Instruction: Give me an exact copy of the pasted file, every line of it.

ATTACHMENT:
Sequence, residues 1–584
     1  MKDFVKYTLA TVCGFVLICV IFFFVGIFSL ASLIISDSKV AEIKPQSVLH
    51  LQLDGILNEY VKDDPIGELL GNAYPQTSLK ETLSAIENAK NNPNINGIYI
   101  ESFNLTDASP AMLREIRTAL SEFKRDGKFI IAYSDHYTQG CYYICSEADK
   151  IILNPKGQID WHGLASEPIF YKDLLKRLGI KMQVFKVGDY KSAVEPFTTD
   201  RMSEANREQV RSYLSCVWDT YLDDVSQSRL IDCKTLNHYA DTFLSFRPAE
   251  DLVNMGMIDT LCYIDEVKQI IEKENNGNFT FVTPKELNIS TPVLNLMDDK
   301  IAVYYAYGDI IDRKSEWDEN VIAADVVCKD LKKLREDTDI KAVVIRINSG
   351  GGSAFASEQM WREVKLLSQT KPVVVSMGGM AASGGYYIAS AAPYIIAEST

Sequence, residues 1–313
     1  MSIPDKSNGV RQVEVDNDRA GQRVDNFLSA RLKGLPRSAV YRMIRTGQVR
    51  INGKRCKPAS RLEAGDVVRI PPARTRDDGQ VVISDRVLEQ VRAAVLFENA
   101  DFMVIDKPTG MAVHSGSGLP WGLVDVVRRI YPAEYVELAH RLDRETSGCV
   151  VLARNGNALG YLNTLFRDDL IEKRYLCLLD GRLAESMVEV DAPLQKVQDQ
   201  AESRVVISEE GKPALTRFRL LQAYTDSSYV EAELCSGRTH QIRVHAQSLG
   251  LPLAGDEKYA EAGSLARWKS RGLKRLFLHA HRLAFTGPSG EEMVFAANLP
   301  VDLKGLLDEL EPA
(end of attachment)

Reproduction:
Sequence, residues 1–584
     1  MKDFVKYTLA TVCGFVLICV IFFFVGIFSL ASLIISDSKV AEIKPQSVLH
    51  LQLDGILNEY VKDDPIGELL GNAYPQTSLK ETLSAIENAK NNPNINGIYI
   101  ESFNLTDASP AMLREIRTAL SEFKRDGKFI IAYSDHYTQG CYYICSEADK
   151  IILNPKGQID WHGLASEPIF YKDLLKRLGI KMQVFKVGDY KSAVEPFTTD
   201  RMSEANREQV RSYLSCVWDT YLDDVSQSRL IDCKTLNHYA DTFLSFRPAE
   251  DLVNMGMIDT LCYIDEVKQI IEKENNGNFT FVTPKELNIS TPVLNLMDDK
   301  IAVYYAYGDI IDRKSEWDEN VIAADVVCKD LKKLREDTDI KAVVIRINSG
   351  GGSAFASEQM WREVKLLSQT KPVVVSMGGM AASGGYYIAS AAPYIIAEST

Sequence, residues 1–313
     1  MSIPDKSNGV RQVEVDNDRA GQRVDNFLSA RLKGLPRSAV YRMIRTGQVR
    51  INGKRCKPAS RLEAGDVVRI PPARTRDDGQ VVISDRVLEQ VRAAVLFENA
   101  DFMVIDKPTG MAVHSGSGLP WGLVDVVRRI YPAEYVELAH RLDRETSGCV
   151  VLARNGNALG YLNTLFRDDL IEKRYLCLLD GRLAESMVEV DAPLQKVQDQ
   201  AESRVVISEE GKPALTRFRL LQAYTDSSYV EAELCSGRTH QIRVHAQSLG
   251  LPLAGDEKYA EAGSLARWKS RGLKRLFLHA HRLAFTGPSG EEMVFAANLP
   301  VDLKGLLDEL EPA